The presumption underlying much of modern economic theory is that consumers always make rational decisions.
Economists define rational behaviour as “a decision-making process that is based on making choices that result in the most optimal level of benefit or utility for the individual.”
Of course, anyone who has insight into their own decision making process (and isn’t lying to themselves) can disprove the rational behaviour theory quite easily.
Many of the decisions we make are completely irrational. If every decision resulted in the“most optimal level of benefit or utility” — you’d be in the best shape of your life, save 50% of your income for retirement, and spend far less time at the office.
The truth is, there’s a lot lot going on in that brain of yours. Some of it is rational, much of it is not, and a lot of it is downright crazy. But ALL of it plays a role in how you make decisions.
A shopper’s mind is not a clean slate. Information and experience are refracted through the lens of belief. Information that’s inconsistent with those beliefs is likely to be rejected. Even experience is malleable—we know that for many people the same glass of wine tastes better when poured from a $100 bottle than from a $10 bottle. — McKinsey
This can be a tough idea to wrap your head around.
You’d like to think all your decisions are based on an objective analysis of the information available and your prior experiences. But the latest research in behavioural economics suggests that there’s a much more powerful force driving your purchasing decisions than simply “information and experience.”
Beliefs, as Dhar explains, are the filter through which we interpret information and experience. Quite often, we simply ignore what information and experience are telling us when it’s at odds with our beliefs about a product or service.
Here’s an example from the article that we can all relate to:
Consumer beliefs that healthy food is unpalatable are a significant barrier to purchasing it. If these beliefs are top-of-mind during consumption, they can also diminish the perceived satisfaction of that food and diminish chances of a repeat purchase. The problem is not that the product is bad; it’s that consumer beliefs are so strong that they override personal experience. — McKinsey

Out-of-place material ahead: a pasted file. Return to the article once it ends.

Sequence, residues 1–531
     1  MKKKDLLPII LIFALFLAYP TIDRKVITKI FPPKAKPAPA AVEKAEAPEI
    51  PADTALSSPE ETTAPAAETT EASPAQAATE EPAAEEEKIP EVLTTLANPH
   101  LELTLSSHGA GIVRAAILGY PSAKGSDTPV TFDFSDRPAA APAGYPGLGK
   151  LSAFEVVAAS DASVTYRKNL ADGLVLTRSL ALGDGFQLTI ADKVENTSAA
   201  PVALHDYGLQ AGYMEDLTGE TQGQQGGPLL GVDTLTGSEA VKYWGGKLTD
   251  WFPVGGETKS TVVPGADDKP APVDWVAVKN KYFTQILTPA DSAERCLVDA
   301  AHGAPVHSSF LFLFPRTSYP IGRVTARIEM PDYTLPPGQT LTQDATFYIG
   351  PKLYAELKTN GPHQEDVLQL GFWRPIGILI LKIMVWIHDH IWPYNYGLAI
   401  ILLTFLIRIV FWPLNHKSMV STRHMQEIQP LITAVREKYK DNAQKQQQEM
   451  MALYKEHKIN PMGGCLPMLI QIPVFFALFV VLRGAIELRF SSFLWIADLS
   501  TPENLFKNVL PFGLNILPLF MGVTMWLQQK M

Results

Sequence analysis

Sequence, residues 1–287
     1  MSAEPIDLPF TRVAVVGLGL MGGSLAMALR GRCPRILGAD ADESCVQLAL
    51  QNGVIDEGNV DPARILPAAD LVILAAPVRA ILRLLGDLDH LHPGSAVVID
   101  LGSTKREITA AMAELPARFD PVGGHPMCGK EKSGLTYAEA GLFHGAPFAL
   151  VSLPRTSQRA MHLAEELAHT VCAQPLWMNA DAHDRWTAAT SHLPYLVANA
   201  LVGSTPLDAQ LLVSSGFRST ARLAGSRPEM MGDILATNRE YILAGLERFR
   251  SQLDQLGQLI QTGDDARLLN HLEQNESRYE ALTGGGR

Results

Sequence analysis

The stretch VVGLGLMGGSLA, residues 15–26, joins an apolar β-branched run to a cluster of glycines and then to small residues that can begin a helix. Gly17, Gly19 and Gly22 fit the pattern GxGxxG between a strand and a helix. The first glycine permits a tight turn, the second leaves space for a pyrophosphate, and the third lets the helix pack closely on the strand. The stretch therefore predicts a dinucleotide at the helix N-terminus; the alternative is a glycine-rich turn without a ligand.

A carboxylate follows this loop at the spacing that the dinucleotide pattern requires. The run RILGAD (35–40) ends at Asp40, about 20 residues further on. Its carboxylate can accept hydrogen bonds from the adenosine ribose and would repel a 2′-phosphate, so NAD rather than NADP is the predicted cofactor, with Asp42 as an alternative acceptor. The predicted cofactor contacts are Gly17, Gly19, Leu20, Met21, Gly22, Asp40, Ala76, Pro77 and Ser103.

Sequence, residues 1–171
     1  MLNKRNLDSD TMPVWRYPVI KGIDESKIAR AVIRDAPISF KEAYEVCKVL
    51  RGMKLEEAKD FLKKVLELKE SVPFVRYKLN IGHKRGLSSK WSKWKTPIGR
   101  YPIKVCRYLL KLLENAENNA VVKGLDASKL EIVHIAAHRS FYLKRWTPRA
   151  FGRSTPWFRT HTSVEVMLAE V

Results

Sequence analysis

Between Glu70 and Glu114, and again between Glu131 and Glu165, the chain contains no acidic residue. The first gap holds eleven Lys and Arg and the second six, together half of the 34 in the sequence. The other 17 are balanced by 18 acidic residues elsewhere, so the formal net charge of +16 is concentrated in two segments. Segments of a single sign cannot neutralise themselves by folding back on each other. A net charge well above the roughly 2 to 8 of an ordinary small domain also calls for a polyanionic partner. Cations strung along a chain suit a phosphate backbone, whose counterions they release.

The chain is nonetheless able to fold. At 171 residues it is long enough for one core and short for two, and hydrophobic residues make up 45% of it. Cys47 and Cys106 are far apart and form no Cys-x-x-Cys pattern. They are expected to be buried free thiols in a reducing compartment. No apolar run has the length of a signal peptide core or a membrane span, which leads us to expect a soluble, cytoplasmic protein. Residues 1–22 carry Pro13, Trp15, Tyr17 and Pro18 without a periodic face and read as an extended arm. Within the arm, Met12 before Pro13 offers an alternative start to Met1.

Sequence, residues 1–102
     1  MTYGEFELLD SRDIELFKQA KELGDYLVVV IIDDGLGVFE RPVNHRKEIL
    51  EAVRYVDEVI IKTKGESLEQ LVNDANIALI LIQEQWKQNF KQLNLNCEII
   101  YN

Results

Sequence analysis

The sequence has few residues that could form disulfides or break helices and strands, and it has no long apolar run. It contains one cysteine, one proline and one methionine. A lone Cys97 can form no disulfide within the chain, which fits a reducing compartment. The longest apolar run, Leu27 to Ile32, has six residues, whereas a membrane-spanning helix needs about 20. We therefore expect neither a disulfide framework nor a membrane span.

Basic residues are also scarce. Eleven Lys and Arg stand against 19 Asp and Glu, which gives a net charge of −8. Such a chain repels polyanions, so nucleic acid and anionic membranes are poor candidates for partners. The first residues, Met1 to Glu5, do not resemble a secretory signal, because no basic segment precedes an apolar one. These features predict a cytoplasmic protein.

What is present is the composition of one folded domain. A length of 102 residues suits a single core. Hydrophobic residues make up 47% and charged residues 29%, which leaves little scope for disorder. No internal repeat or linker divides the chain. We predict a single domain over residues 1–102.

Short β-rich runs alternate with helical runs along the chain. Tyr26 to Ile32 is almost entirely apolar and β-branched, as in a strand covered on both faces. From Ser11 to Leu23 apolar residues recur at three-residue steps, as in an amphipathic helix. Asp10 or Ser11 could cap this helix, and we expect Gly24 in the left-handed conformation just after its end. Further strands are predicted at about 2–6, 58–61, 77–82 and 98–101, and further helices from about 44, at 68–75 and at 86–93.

3 Ways to Embrace Your Buyers’ Irrational Beliefs
Unless you plan on changing how the brain operates, you might as well embrace the notion that buyers make irrational decisions all the time (even when they think they’re being rational).
While you still need to cater to the rational side of the decision making process — by providing the right information, data and experiences — you also need a strategy for the irrational side of the purchase.
#1 – Observe the relationship between belief and action.
A simple step companies can take to uncover these beliefs is making greater use of relatively simple observational research to uncover gaps between what customers say they believe about a product and how they actually behave. These gaps often reveal unstated beliefs the company needs to address. — McKinsey
No client comes to you with a clean slate. Each and every one of them has a set of beliefs that affect their impression of you, your profession, and your industry.
But beliefs are hard to pin down. You can’t simply ask buyers what they believe about your offering. They’ll either tell you what you want to hear… or they’ll be caught off guard by the question and won’t know how to express themselves.